Lake Rukwa

Coordinates: 8°00′S 32°25′E / 8.000°S 32.417°E / -8.000; 32.417
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Lake Rukwa
Satellite image of Lake Rukwa.
Lake Rukwa, as seen from space.
Located in south west Tanzania near Lake Tanganyika.
Located in south west Tanzania near Lake Tanganyika.
Lake Rukwa
Lake Rukwa in center with Lake Tanganyika to left. Four rivers flowing into Rukwa two in north west and two in south.
LocationRukwa Region, Songwe Region and Katavi Region, Tanzania.
Coordinates8°00′S 32°25′E / 8.000°S 32.417°E / -8.000; 32.417
Catchment area88,000 km2 (34,000 sq mi)[1]
Basin countriesTanzania
Surface elevation800 metres (2,600 ft)

Lake Rukwa is an endorheic lake located the Rukwa Valley of Rukwa Region, Songwe Region and Katavi Region in southwestern Tanzania. The lake is the third largest inland body of water in the country.


The alkaline Lake Rukwa lies midway between Lake Tanganyika and Lake Malawi at an elevation of about 800 metres (2,600 ft), in a parallel branch of the rift system. Almost half of the lake lies in Uwanda Game Reserve.[2]


The lake has seen large fluctuations in its size over the years, due to varying inflow of streams. Currently it is about 180 kilometres (110 mi) long and averages about 32 kilometres (20 mi) wide, making it about 5,760 square kilometres (2,220 sq mi) in size.[3] In 1929 it was only about 48 kilometres (30 mi) long, but in 1939 it was about 128 kilometres (80 mi) long and 40 kilometres (25 mi) wide.[4] During the early rifting of this part of Africa, the basin of Lake Rukwa may at times have been part of a much larger basin which also included the basins of Lake Tanganyika with Lake Malawi; ancient shorelines suggest a final date of overflow into Lake Tanganyika of 33,000BP.[5] For overflow to occur again, the lake's elevation would need to exceed 900 meters. Overflow into Lake Malawi is not possible now, since the pass between the two basin stands at over 2000 meters elevation.[6] (Neither Lake Tanganyika nor Lake Malawi can overflow into Lake Rukwa since they already overflow into the Atlantic and Indian Oceans respectively.)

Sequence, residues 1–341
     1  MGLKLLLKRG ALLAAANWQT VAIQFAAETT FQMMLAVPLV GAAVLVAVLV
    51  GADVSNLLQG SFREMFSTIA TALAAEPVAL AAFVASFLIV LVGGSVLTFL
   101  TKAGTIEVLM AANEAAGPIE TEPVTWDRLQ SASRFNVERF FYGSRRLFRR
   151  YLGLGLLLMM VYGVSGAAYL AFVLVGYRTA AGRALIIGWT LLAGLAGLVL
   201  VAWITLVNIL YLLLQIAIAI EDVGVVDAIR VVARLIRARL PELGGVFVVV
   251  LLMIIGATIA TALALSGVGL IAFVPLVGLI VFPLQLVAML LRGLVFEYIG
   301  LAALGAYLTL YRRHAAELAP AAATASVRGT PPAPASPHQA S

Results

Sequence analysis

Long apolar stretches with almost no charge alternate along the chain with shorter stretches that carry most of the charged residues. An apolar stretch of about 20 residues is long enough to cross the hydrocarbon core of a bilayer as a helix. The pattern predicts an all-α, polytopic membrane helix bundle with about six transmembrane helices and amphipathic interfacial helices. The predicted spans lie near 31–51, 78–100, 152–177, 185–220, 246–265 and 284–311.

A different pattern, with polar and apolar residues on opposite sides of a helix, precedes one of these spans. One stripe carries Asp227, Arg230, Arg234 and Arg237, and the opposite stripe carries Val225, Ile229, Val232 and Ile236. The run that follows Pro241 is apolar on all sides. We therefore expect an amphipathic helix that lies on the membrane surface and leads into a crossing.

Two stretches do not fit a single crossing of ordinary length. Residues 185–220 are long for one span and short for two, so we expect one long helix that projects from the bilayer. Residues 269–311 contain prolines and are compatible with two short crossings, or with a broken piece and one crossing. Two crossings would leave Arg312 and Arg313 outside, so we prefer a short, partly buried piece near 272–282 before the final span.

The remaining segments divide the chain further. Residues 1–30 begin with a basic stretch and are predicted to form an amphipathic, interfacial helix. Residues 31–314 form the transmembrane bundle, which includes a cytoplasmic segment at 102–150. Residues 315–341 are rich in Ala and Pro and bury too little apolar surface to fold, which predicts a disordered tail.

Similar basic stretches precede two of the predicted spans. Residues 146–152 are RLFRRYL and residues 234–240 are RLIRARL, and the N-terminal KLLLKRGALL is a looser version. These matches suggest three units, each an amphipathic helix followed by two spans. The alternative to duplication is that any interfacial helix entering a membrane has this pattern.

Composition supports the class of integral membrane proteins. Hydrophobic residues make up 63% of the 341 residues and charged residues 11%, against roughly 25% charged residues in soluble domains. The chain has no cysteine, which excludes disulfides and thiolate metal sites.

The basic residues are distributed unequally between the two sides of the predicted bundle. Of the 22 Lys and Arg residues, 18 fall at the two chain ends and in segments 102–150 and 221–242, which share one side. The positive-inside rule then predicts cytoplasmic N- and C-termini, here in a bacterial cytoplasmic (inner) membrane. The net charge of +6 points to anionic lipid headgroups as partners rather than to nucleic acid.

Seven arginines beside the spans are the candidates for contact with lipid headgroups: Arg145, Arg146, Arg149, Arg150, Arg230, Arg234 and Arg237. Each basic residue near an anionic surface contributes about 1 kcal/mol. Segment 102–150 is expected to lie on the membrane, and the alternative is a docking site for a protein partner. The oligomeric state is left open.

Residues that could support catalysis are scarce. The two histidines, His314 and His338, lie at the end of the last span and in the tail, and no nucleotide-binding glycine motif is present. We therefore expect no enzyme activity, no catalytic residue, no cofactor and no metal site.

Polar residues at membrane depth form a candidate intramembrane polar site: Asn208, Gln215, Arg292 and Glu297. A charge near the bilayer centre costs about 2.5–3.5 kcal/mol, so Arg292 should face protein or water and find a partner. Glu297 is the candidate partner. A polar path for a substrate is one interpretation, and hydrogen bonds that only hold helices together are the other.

There is an accumulation of heavy metals like zinc, mercury, copper, lead, chromium, and nickel in sediment, water, and the muscle tissues of Clarias gariepinus (African catfish) and Oreochromis esculentus (Singida tilapia) in Lake Rukwa.[7]

Helium discovery[edit]

In 2016, an estimated 1.53 billion cubic meters (54.2 billion standard cubic feet) volume of helium gas was discovered in Lake Rukwa worth $3.5 billion.[8]

See also[edit]


  1. ^ Lake Rukwa Bathymetry Survey Final Report 2014
  2. ^ "Rukwa Uwanda Game Reserve". Utalii Travel and Safari. Archived from the original on 22 November 2011. Retrieved 29 October 2010.
  3. ^ Google Earth accessed 6 February 2007
  4. ^ Encyclopædia Britannica Online/Lake Rukwa
  5. ^ Lévêque, Christian (1997). Biodiversity Dynamics and Conservation: The Freshwater Fish of Tropical Africa. Cambridge University Press. p. 110.
  6. ^ Google Maps
  7. ^ Mapenzi, Levinus Leonard; Shimba, Moses Joel; Moto, Edward Angelo; Maghembe, Reuben Silas; Mmochi, Aviti John (January 2020). "Heavy metals bio-accumulation in tilapia and catfish species in Lake Rukwa ecosystem Tanzania". Journal of Geochemical Exploration. 208: 106413. doi:10.1016/j.gexplo.2019.106413. ISSN 0375-6742.
  8. ^ "Helium 'could earn Tanzania $3.5bn'". July 8, 2016. Archived from the original on August 28, 2016. Retrieved July 10, 2016.